Courts find against two avoidance schemes – are new rules really needed?


Anti Avoidance

We wrote recently about HMRC’s consultation on ‘Raising the Stakes on Tax Avoidance’, with new proposals to target the promoters of avoidance schemes.
Two recent cases heard by the courts considered whether two such complex schemes were actually effective.
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The First Tier Tribunal (FTT) ruled that PAYE tax and National Insurance Contributions should have been paid on bonuses paid to directors through companies which were specially set up to receive funds, and then be liquidated, paying out the cash in the process.
The scheme was promoted by accountancy firm Barnes Roffe LLP, and would presumably be the target of the new rules, with the scheme having been used by 104 other companies to try to avoid PAYE/NICs on bonus payments.  The scheme was DOTAS registered however.
The defendants’ case revolved around the Ramsay principle but this was dismissed; the tribunal ruled that the scheme had no commercial purpose, other than the intended obtaining of a tax advantage.  As such PAYE/NICs was found to be payable on the bonuses.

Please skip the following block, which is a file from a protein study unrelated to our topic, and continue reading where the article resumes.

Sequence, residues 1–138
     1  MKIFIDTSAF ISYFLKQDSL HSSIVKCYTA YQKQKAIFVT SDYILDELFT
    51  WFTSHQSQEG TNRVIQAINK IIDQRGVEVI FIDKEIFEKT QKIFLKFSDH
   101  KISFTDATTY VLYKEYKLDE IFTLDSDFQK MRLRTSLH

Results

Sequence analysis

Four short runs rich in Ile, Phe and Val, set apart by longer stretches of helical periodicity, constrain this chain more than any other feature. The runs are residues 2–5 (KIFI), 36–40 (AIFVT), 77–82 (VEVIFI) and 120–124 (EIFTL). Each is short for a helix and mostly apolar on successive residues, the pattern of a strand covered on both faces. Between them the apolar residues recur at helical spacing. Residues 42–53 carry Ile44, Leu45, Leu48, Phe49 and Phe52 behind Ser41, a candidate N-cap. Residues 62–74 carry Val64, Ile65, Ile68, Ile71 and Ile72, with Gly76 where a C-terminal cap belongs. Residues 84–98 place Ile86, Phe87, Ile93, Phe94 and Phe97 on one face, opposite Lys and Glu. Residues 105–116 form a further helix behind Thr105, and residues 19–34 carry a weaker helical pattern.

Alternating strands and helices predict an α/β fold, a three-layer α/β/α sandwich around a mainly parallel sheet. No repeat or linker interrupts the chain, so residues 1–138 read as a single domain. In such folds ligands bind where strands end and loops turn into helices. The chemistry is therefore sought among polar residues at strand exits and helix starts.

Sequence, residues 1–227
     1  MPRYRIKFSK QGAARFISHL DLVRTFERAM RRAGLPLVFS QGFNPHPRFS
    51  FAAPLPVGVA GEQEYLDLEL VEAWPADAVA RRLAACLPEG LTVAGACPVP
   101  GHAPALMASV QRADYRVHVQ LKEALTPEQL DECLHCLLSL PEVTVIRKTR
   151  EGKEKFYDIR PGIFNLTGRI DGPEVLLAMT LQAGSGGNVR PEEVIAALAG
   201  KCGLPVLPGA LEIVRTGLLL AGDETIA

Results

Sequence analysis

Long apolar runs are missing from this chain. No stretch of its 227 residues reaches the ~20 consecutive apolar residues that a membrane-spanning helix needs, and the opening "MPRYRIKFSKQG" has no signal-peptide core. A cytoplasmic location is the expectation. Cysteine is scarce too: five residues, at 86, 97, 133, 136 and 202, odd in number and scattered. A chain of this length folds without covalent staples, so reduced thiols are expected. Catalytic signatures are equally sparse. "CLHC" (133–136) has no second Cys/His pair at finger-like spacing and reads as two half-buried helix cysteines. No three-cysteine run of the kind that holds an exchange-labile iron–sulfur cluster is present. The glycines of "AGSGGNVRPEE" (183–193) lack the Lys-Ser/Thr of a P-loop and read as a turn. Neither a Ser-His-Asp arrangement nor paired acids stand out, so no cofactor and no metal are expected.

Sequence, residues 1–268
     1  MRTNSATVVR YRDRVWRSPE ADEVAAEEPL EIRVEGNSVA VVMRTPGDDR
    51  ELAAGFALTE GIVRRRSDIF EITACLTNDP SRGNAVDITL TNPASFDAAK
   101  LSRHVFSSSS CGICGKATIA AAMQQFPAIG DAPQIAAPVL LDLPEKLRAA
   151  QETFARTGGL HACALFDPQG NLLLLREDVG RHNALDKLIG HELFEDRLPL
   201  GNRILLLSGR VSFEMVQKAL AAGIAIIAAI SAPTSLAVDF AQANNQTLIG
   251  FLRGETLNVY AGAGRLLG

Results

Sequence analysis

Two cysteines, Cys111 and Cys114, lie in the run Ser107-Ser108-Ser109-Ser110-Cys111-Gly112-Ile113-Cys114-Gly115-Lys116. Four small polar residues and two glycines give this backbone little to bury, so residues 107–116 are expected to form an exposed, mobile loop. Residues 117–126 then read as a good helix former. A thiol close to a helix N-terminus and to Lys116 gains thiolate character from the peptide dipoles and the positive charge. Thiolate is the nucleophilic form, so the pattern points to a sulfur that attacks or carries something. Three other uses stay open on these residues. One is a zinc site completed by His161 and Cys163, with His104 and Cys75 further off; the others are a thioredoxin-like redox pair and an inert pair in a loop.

P&O avoidance scheme
British shipping company P&O also lost its case, concerning a convoluted international tax avoidance scheme, designed to avoid paying corporation tax.
P&O had attempted to gain £14m in tax relief by artificially boosting the tax credit due on dividend income.
The scheme was found to fail by the FTT, who ruled that the transactions were all part of an “elaborate trick” that was “designed and implemented for no reason other than tax avoidance.”
In both cases, the fact that the schemes were implemented for no reason other than tax avoidance was found to be of importance by the courts.  This is before the new General Anti-Abuse Rule (GAAR) is even taken into account.
With the courts already finding against such schemes, and the new GAAR set to undermine such schemes still further, it is reasonable to question whether any new provisions on avoidance are really needed.